HE HISTORY OF A HYKN BOO,M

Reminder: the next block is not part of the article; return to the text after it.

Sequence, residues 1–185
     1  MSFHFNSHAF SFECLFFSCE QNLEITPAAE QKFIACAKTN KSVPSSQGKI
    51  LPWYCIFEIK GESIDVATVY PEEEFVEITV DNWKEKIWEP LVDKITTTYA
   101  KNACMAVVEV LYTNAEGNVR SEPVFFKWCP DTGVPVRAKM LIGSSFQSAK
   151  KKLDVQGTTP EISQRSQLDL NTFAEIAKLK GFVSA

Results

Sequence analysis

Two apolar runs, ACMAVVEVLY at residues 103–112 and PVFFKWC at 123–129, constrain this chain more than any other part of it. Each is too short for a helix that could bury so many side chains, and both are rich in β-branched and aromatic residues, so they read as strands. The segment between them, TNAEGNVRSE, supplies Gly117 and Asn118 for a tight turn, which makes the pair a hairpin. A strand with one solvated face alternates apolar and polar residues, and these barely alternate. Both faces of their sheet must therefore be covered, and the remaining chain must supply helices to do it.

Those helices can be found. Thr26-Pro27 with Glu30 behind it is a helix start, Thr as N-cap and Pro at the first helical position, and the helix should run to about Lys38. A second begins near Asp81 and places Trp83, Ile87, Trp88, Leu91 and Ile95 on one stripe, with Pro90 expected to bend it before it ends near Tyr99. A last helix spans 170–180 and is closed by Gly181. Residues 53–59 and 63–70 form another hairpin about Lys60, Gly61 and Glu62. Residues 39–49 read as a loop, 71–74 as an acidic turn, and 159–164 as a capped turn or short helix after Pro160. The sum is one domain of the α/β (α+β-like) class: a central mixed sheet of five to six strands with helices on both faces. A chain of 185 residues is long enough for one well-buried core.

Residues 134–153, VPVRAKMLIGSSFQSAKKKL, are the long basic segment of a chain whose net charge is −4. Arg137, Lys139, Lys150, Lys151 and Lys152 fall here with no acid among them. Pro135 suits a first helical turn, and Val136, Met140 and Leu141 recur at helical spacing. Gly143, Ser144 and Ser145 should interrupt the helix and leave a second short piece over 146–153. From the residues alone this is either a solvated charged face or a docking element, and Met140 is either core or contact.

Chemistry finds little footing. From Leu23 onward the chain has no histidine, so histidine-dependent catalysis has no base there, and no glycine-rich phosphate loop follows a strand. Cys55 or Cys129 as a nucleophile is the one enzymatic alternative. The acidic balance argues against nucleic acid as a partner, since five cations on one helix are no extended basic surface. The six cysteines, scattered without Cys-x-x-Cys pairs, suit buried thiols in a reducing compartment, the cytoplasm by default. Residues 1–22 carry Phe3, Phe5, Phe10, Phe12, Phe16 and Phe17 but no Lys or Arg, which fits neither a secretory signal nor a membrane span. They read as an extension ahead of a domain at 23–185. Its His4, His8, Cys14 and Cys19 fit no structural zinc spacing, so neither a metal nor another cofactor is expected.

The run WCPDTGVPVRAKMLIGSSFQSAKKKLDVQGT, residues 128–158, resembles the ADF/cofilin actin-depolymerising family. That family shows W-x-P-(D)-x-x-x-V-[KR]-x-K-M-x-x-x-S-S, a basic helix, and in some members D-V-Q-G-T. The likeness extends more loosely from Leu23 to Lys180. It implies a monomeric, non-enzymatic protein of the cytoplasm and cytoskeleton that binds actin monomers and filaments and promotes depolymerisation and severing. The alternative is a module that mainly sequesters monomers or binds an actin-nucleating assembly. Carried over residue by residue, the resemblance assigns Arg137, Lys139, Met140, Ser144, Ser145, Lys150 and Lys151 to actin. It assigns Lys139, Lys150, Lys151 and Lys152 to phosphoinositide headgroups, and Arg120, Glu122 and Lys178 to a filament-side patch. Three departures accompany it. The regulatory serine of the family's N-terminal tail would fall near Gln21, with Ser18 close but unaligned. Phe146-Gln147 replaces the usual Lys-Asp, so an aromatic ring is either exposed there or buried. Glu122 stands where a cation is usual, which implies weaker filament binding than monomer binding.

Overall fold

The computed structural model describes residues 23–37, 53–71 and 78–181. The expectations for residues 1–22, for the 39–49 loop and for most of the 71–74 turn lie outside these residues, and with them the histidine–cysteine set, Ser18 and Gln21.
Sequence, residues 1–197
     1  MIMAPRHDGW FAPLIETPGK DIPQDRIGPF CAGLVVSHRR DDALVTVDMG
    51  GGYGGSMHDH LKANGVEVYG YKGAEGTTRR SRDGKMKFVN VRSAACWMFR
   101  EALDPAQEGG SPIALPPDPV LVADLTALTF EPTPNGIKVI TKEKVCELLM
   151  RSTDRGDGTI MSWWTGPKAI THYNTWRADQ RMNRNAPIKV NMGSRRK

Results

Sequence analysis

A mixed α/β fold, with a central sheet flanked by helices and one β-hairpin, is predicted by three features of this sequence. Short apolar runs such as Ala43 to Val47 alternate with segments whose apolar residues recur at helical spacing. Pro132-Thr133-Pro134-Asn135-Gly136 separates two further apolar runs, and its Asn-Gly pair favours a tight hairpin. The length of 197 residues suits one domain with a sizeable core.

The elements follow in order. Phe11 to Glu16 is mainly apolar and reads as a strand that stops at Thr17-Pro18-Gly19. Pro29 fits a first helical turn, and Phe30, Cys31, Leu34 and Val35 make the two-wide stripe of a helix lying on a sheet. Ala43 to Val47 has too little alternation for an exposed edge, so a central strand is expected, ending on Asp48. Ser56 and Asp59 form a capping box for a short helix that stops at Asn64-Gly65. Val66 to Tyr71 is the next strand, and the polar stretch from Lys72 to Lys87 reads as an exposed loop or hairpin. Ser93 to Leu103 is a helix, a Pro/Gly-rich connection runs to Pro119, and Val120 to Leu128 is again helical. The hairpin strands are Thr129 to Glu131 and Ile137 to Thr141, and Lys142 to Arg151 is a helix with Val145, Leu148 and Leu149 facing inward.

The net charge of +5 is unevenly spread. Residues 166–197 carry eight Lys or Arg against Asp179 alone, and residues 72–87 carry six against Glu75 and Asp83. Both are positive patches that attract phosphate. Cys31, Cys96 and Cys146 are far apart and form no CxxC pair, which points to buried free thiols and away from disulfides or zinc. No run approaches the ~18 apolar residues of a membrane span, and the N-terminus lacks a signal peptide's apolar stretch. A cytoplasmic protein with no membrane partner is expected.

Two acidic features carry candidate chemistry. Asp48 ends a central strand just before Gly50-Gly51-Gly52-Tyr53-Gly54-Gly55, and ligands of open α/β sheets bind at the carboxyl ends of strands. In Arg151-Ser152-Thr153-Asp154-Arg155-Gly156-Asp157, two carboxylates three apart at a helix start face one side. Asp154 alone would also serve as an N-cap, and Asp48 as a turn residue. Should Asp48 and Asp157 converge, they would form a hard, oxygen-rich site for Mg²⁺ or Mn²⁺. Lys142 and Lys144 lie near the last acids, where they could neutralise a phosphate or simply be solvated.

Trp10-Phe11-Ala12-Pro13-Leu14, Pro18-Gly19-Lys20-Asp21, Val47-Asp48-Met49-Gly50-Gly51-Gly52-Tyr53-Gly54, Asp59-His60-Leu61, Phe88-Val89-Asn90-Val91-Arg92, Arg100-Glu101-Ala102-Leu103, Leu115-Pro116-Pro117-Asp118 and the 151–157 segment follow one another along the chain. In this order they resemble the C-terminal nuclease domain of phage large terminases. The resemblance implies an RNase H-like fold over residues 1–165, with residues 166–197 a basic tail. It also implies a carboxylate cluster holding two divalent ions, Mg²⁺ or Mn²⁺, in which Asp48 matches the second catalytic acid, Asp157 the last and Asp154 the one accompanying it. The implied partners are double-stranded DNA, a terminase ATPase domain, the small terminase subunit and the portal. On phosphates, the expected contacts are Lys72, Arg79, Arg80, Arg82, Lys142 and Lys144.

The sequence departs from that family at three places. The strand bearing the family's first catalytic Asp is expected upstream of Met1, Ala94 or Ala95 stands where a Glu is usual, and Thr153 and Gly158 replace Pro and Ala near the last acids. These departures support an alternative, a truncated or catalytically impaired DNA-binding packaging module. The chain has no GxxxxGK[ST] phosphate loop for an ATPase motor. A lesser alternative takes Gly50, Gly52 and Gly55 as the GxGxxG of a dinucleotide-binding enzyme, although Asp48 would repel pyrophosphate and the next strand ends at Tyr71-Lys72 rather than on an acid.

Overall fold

In the May number of " Blaok wood's Magazine," ia an interesting account of the troubles which were met by the compilers of (( the Soottlsh bymnal," by one of those who trok a large share la the undertaking. He Myfl :— " Espaolally noteworthy is the aoooant of the embarrassments of the selectors of this now famous collection of devotional poetry— the first that ever received the formal sinctlonf and authority of the Scottish Kirk — reproached as they were In turns with Popery, Episcopacy, Armlnianlsm, Sootniani m, .and 'even Bourigianism.' The oompilera have been o tiled Ritualists, Ration .lists, Romanists ; persons wholly Ignorant of Soriptire ; despisersof their ordination vows. They have been stig* matised »s high handed and insolent, and told that their * proofs ' were read with Indignation ; they have had objeotlomble lines quoted <as from tbelr book which never wera ialt. One person objected to the very name ' Hymnal ' .' because It wm a Puseylte word.' The fiercest, contents aopear to have been over lines that were euspeoted — aometlmes,apparently on rather > absurd grounds— -of • a tendency to Mario* lstry. 1 An amiable oouotry minister wrote to the 'Convener' that; he would las soon fnaeit a hymn by the Devil . v one by Cardinal Newman.' The Committee started with the laudable determlmlnation to give a * faithful text '—a principle whioh will be beat appreciated by those who know best what amislng libarties have been taken with the words even of aome of the fl jest hymns In one language. But it was found that • few modifications had baeo made needful by the common consent of Chrls'lan folk. The line m " Rook of Ages,' 'Whan my eyelids close In death,' furnishes a oonsplonous example. What Toplady really wrote was 'When m'ne eyeßtrlngs break In death ' j bat letteri without number oarae from persons recently bere»ved, entreating that thase painful woris should not stand, Hence the judicious falsification of this celebrated hymn reoelved the Committee's sanction. Somewhat similar is the instance of f Hark the herald angels sing glory to the new-born King,' How many persons are swtre that In this noble oarol, as written by Charles Wesley, the lines run ' Hark hovr all the welkin rings, Gjory to the King of Kings.' m the first pmof of the 'Soottlsh Hymnal* Charles Wesley was plven oorreotly; but It was found, as Me Boyd says, that 'it would not do.' For reasons stated, some kindly recognition of the main events of the Ohrlstian year waa found necessary; but this feature In the Beleotots* labors has not been appreciated In all oases. A prominent Assembly orator informed the writer that he would sing * J^sas Christ Is risen to-day' upon any day ia the year exoept Easter D»y. another good man gave out . * Hark the herald angels sing' upon ft bright day In Jane, Mr Boyd has heard 'Brightest and bent of the sons of the morning' on a sunshiny August Sunday, and been present vhen 'Abide with me— fadt falls the eventide 'was sung at a, quarter past twelve upon abUzlog Longest Day. These tbiogs, as be observes, are strange. Bat In spite of all the difioultles and embarrassments whioh beset the path of the cmpilerj, the ' Scottish Hymnal' has proved a marvellous BUtoass. It was first used m public worship on Sunday, Anguat 14 1870 ; being then a collection of only 200 hymns. At the end of the year 1888 the Hymnal had grown to a volume containing 442 hymns; and no fewer thanHwo millions of copies had been Bold, and this, as we are reminded, mainly m Scotland — a small coon try, with a population Iceb thin that of London."
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